Fernando Camacho accused of promoting 2019 coup d'état in Bolivia

Edited by Ed Newman
2023-11-30 18:42:04


La Paz, December 1 (RHC)-- A criminal investigation by the Bolivian Ministry of Interior revealed that the former civic leader of the department of Santa Cruz, Fernando Camacho, promoted the coup d'état that took place in that South American nation in November 2019 and forced the resignation of then president Evo Morales to avoid bloodshed.

According to the investigation presented as a criminal complaint, Camacho promoted the coup actions, of which there is evidence such as videos, photographs of fund transfers and phone calls with other material actors of the coup, among other evidence.

The Ministry of the Interior stated that the Civic Committee of Santa Cruz made between September 5 and November 5 of that year around 20 transfers for payment of tickets between Santa Cruz and La Paz, as well as other expenses called "committees", which totaled more than 1,000,000 dollars.

In turn, during a public act held in November 2019, the Santa Cruz governor gave a 48-hour deadline for Morales' resignation and urged the armed forces to "stand by the people."

Similarly, evidence was presented on the telephone calls between Camacho's operator and intermediary, Luis López, and the aide to the Commander-in-Chief of the Armed Forces, General William Carlos Kaliman Romero.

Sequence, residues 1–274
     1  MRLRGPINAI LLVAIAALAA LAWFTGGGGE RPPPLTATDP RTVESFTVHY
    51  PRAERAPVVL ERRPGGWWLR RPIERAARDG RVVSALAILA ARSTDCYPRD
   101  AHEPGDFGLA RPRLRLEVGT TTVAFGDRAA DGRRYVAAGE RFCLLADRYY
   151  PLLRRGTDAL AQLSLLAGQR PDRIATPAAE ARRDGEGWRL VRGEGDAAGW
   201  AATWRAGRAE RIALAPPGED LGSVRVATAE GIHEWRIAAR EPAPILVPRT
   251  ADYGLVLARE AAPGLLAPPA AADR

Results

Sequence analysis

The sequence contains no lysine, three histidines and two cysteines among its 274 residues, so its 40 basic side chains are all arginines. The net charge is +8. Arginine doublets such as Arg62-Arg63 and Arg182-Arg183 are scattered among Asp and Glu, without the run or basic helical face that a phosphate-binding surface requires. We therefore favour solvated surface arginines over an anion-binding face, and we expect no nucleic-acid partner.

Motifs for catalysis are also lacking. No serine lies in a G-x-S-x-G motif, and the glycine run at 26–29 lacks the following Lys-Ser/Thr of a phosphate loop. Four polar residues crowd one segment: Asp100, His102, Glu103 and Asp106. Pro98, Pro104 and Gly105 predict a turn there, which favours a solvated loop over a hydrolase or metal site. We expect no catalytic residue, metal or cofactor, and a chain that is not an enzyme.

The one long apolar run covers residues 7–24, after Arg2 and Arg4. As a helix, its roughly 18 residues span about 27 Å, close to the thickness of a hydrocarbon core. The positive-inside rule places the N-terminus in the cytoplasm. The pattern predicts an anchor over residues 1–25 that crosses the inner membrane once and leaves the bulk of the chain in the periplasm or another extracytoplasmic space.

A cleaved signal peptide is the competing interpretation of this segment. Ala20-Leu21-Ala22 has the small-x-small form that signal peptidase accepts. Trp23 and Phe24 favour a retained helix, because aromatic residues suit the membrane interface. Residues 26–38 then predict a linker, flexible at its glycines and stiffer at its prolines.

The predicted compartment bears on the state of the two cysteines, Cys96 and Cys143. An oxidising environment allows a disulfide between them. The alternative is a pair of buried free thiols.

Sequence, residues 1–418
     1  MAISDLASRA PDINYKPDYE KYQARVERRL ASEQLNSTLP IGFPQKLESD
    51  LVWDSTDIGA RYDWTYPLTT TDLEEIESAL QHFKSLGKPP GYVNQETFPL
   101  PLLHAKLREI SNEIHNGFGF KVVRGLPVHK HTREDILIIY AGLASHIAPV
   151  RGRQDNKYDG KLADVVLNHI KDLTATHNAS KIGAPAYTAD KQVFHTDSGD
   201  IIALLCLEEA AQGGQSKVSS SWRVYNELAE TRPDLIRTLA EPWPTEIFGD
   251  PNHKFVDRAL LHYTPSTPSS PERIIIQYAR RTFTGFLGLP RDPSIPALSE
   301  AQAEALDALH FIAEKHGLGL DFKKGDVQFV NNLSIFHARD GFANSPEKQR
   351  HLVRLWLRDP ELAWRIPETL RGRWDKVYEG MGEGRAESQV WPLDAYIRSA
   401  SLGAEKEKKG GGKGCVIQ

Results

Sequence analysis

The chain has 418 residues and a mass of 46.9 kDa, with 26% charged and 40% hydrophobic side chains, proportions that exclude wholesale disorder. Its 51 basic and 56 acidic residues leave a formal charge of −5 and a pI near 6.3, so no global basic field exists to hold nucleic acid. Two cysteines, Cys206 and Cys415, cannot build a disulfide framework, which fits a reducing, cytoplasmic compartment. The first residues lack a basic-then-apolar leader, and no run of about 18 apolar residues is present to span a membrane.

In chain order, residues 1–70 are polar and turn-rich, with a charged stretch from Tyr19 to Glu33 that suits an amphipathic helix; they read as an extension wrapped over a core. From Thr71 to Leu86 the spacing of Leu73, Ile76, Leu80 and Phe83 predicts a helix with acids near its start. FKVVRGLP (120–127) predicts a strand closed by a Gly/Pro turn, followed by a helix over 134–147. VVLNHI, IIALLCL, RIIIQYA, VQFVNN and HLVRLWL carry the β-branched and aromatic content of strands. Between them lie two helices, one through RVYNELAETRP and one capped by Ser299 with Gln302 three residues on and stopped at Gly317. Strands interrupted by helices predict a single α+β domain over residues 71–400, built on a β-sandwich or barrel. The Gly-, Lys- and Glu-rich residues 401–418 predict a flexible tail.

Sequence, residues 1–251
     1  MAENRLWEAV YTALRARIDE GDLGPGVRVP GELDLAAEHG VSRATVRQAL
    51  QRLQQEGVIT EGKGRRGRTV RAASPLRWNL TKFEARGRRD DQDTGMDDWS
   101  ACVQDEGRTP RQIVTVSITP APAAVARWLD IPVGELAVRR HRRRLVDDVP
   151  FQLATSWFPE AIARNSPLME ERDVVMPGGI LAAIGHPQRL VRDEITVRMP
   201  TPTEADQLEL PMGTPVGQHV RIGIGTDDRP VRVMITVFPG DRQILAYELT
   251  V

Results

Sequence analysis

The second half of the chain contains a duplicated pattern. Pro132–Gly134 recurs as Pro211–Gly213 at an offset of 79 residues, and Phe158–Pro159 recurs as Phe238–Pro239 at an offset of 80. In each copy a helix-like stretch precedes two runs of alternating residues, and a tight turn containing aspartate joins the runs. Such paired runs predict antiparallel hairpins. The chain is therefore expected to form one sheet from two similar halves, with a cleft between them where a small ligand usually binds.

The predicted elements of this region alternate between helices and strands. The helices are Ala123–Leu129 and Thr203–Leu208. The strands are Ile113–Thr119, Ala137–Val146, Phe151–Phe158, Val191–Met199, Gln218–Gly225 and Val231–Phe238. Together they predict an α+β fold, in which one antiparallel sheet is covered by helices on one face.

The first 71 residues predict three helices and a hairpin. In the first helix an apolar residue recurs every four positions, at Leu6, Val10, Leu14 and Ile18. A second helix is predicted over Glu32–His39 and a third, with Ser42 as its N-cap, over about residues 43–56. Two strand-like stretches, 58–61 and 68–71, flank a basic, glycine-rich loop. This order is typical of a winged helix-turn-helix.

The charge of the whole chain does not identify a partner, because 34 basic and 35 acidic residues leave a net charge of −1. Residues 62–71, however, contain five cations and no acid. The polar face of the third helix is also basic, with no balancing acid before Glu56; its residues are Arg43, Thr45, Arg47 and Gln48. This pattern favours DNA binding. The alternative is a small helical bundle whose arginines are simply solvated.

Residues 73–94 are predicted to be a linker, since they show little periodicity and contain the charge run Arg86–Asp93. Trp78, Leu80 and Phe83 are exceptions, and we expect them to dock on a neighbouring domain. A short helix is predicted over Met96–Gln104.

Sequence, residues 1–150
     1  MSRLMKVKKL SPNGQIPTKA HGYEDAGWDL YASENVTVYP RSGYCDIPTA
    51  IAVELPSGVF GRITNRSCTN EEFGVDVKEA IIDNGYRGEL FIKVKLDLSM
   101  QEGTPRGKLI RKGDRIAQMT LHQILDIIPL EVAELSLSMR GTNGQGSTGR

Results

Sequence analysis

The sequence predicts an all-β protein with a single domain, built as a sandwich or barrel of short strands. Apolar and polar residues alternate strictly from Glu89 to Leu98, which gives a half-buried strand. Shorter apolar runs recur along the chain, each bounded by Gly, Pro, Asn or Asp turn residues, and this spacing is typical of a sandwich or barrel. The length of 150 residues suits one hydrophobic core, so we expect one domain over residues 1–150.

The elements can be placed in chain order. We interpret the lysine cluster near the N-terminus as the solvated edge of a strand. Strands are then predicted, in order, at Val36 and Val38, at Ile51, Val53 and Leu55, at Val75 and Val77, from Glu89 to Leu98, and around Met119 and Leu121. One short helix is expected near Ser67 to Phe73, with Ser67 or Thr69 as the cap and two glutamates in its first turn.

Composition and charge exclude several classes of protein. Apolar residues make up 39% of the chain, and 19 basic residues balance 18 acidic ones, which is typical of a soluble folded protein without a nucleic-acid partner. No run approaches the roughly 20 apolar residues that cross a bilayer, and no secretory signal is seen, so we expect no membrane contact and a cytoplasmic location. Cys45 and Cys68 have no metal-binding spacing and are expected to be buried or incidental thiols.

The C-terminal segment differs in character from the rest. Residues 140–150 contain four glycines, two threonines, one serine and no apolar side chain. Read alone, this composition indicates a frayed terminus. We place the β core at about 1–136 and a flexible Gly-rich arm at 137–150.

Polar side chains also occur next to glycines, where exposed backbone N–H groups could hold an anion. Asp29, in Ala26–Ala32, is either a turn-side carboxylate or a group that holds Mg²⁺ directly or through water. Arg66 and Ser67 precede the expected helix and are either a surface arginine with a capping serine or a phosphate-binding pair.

This investigation also corroborated that the military commanders did not obey then President Morales. Kaliman Romero did not answer any of the ten telephone calls made to him, but he did maintain several telephone contacts with López.

The Anti-Corruption Prosecutor's Office stated that it has sufficient elements to support the accusation, but requested another month of preventive detention for Camacho in order to finalize the proceedings in this case.

Camacho has been detained in a maximum security penitentiary since December 30, 2022.  At the end of 2020, former congresswoman Lidia Patty accused Camacho of terrorism, together with former Army and Police chiefs, for the coup events that took place in the South American nation.


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